43.4% Capital Gain Tax? 10 Things To Know
Most income is ordinary, including pay for services, interest, business profits, dividends, money for winning the lottery, and most other payments. But for generations, there’s been a big tax break for long-term capital gains, those held over a year. Assuming you get past one year, if you sell your house, car, crypto stockpile, Amazon AMZN -0.5% stock or other assets, it’s long-term capital gain. Up to now, the tax rate on capital gain has been zero, 15% or 20%, depending on your income. In some cases, you must add the 3.8% Obamacare tax, but at worst, your total tax bill is 23.8%. In contrast, ordinary wage income can face tax of 40.8% once you include payroll tax. But change is in the wind. Here are 10 things to know.
1. The 23.8% rate may go to 43.4% for some. That rate hike amounts to a staggering 82% increase in the old rate. If you add state income taxes, like California’s current 13.3% rate, the government gets most of your gain. The current long term capital gain tax is graduated. You pay 0% on income up to $40,000, 15% over $40,000 up to $441,450, and 20% on income over $441,451. But those thresholds may change.
2.The 43.4% rate is supposed to hit only those earning $1M or more. One big debate is who should face this stratospheric rate hike. But if you bought a house 30 years ago that is now worth over a million, you could be impacted.
3. It might already be too late to sell. A natural reaction to a looming 82% tax rate hike is to sell quickly before the new law takes effect. But the proposal was specifically designed to prevent this. As proposed, the rate hike is already in effect for sales after April 28, 2021. It might not pass of course, or it might pass in a different version or with a different effective date. But for right now, it is hard to decide what to do. Do you sell now, figuring you are stuck with the new higher rates? Or do you wait to see? If you wait, might you miss the chance to sell under the old rates? What if you wait until September and the tax hike passes, but with an August effective date? There’s no easy answer.
4. With capital gain, you can offset losses. You can use your capital losses to offset capital gains. Even if you don’t have existing losses, you can time asset says to trigger losses with your gains, to help offset them.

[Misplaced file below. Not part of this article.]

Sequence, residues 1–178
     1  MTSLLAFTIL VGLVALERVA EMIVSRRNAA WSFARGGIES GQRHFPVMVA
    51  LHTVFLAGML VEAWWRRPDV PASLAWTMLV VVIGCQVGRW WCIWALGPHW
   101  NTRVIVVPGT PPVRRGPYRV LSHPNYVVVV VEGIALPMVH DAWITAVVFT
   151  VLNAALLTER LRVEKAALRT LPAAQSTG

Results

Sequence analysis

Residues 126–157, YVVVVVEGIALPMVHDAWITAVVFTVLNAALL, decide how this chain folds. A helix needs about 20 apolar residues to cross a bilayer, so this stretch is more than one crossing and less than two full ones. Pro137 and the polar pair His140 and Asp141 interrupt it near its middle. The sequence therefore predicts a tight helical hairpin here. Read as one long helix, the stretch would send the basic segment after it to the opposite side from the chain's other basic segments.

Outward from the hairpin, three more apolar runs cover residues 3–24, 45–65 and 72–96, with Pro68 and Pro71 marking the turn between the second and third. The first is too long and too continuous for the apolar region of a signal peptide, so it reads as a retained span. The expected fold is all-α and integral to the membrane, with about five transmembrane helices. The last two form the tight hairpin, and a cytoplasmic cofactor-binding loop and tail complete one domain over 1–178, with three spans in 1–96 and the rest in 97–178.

5. You can subtract your basis, but can you prove it? Capital gain tax applies to your gain not to your sales proceeds, so your adjusted tax basis can be subtracted. Your basis is your original investment, as adjusted by things like remodeling costs, expenses related to the investment, etc. Keep your receipts, which can be relevant for decades with assets like a house. The IRS always wants receipts, and if you can’t establish your basis, you could face tax on it all.
6. Timing ordinary income is tough, but capital gain allows timing. Normally, you can decide when to sell an asset and under what terms. In contrast, with ordinary income the constructive receipt doctrine says “don't pay me until January” doesn’t work with IRS. In essence, it means that you can’t time your income in most cases. However, if you are settling a lawsuit, you can refuse to sign a settlement agreement unless it states that the defendant will pay you in installments. Even though it may sound as if you could have gotten the money sooner, there is no constructive receipt because you conditioned your signature on receiving payment in the fashion you wanted.
7. Keep track of other tax breaks. A house sale is taxable, but the primary home sale exemption may also apply, excluding from tax up to $500,000 for some home sales. And there are other benefits being quietly left alone. A good example is qualified small business stock, a darling of silicon valley that allows up to $10M of gain on certain stock sales to escape tax entirely.
8. Taxes on death are coming too. The most pervasive change of all impacts massive capital gain tax increases on death. President Biden’s tax plans reflect a massive change in how income and estate taxes interact, amounting to a big tax increase that will transform income taxes on death. Under present law, inherited property receives a full fair market value tax basis on death. The step-up in basis provides tax benefits for everyone passing down appreciated assets, including real estate, stock, family companies, and more. For generations, assets held at death have received a stepped-up basis to market value when you die. Small businesses count on this. President Biden would end the step-up in basis, subject only to an exemption of $1 million-plus $250,000 of gain on a home. Beyond that, everything would be taxed.
9. The Biden plan cuts deep on many more people for much higher income taxes once you die. After the Democratic National Convention, Mr. Biden pledged 'no new taxes' on incomes under $400,000 and on mom & pop businesses, but this tax increase on death could hit everyone, including people making less than $400,000. There appears to be no reliable estimate for how many people are holding highly appreciated assets that are counting on a step-up in basis on death to avoid income taxes.
10.Some things are hard to justify. There are debates about which tax increases are fair, over the high rate proposals and tax on death. But some parts of the current capital gain tax law have been called abusive. A good example is the capital gain treatment that some private equity fund managers get. But no matter your income, people care about capital gain. Even so, the basic idea long ensconced in the tax law is that everyone gets a break on selling assets compared with regular income could be on the chopping block.
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By FORBES r.w.woods